The University of Iowa
Mathematics/Psychology : 401
Date & Time
October 13, 2023, 11:00 am – 12:00 pm
Title: Prediction of North Atlantic Tropical Cyclone Activity via Bayesian Model Averaging
Seasonal forecasting of the frequency of North Atlantic tropical storms is of interest, because it can provide basic information towards improved preparation against these storms. It has been shown that sea surface temperatures (SSTs) during the hurricane season can predict tropical cyclone (TC) activity well. But predictions need to be made before the beginning of the hurricane season, when the predictors are not yet observed. Several climate models issue forecasts of the SSTs, which can be used instead. Such models use the forecasts of SSTs as surrogates for the true (yet to be observed) SSTs. In the first half of the talk, we develop a fully Bayesian negative binomial regression model, which makes a distinction between the true SSTs and their forecasts, both of which are included in the model. For prediction, the true SSTs may be regarded as missing/unobserved predictors and sampled from their posterior predictive distribution. Our model can simultaneously handle missing predictors and variable selection uncertainty. If the main goal is prediction, an interesting question is: should we include predictors in the model that are missing at the time of prediction?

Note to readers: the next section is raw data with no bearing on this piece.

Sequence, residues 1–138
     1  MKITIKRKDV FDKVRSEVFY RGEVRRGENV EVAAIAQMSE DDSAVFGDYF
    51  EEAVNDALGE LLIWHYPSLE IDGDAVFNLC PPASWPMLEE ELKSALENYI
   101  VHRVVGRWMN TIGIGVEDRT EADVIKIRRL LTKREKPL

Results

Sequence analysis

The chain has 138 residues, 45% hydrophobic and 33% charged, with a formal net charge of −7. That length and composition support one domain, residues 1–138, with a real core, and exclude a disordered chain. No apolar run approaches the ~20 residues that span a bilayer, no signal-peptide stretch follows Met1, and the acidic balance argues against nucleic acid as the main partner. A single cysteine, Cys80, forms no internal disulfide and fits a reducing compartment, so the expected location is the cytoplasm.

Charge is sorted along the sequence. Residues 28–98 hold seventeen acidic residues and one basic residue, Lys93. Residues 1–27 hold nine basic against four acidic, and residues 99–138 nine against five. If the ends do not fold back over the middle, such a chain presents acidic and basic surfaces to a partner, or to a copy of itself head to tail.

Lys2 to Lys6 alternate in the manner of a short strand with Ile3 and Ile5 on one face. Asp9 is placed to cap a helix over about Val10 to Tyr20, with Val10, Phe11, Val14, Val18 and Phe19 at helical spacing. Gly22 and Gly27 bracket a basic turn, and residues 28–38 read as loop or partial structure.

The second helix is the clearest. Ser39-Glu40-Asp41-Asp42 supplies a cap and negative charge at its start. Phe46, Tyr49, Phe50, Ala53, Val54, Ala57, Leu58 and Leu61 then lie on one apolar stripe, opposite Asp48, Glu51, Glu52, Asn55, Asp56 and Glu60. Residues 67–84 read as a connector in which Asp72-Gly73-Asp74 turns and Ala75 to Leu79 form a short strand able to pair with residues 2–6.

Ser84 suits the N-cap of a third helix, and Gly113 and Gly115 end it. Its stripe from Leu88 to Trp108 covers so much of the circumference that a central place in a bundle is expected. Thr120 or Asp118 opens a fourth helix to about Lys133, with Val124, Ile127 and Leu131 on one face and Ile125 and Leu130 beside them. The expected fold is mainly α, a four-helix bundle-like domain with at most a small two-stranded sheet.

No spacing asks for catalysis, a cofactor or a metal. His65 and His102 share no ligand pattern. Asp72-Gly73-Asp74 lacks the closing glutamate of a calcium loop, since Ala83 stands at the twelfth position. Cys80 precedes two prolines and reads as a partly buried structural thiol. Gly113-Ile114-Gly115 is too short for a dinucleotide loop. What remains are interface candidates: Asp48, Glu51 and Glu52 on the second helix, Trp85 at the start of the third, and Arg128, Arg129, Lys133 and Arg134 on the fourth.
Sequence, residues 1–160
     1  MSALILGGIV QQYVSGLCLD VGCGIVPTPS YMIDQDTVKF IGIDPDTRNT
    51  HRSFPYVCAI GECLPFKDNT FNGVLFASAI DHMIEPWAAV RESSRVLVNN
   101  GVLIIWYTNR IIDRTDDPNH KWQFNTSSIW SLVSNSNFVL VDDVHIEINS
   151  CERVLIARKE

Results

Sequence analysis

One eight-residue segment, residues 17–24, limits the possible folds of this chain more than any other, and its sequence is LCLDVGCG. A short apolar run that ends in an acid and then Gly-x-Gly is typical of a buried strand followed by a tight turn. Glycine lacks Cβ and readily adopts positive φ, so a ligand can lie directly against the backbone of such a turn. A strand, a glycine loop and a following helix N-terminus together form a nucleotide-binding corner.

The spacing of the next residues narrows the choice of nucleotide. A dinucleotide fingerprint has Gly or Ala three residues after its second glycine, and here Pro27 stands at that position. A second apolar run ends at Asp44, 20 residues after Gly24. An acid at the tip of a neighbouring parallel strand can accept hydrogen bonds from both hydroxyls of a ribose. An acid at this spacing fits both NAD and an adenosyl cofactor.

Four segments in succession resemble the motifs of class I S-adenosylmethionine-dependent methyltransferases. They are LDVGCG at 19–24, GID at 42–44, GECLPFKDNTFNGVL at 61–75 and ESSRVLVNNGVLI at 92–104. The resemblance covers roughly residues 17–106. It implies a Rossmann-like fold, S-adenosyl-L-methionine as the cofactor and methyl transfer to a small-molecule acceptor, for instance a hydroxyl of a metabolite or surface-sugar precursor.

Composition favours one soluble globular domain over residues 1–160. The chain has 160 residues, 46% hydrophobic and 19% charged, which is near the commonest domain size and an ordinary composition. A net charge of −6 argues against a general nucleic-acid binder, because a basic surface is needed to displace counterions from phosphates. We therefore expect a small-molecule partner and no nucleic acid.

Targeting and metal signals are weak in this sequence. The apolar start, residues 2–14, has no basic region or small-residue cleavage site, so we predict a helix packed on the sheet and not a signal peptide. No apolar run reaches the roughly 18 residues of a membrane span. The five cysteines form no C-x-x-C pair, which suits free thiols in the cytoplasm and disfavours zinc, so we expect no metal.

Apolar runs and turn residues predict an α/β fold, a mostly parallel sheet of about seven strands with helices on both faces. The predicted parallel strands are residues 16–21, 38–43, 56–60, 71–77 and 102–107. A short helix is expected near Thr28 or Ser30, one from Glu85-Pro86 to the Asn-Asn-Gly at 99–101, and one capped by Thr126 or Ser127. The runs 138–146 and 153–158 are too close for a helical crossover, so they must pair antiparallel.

In the second half of the talk our focus is on prediction of multiple metrics that measure the activity, intensity, severity etc of a hurricane season. Average sea surface temperatures (SSTs) during the hurricane season have been used as predictors for each of these metrics, in separate univariate regression models, in the literature. When the main objective is prediction of the response variables, a natural question is: do multivariate regression models that accommodate dependency among the response variables improve prediction compared to their univariate counterparts? Whether Bayesian multivariate normal regression models improve prediction compared to their univariate counterparts is not clear from the existing literature, and in this work, we try to fill this gap.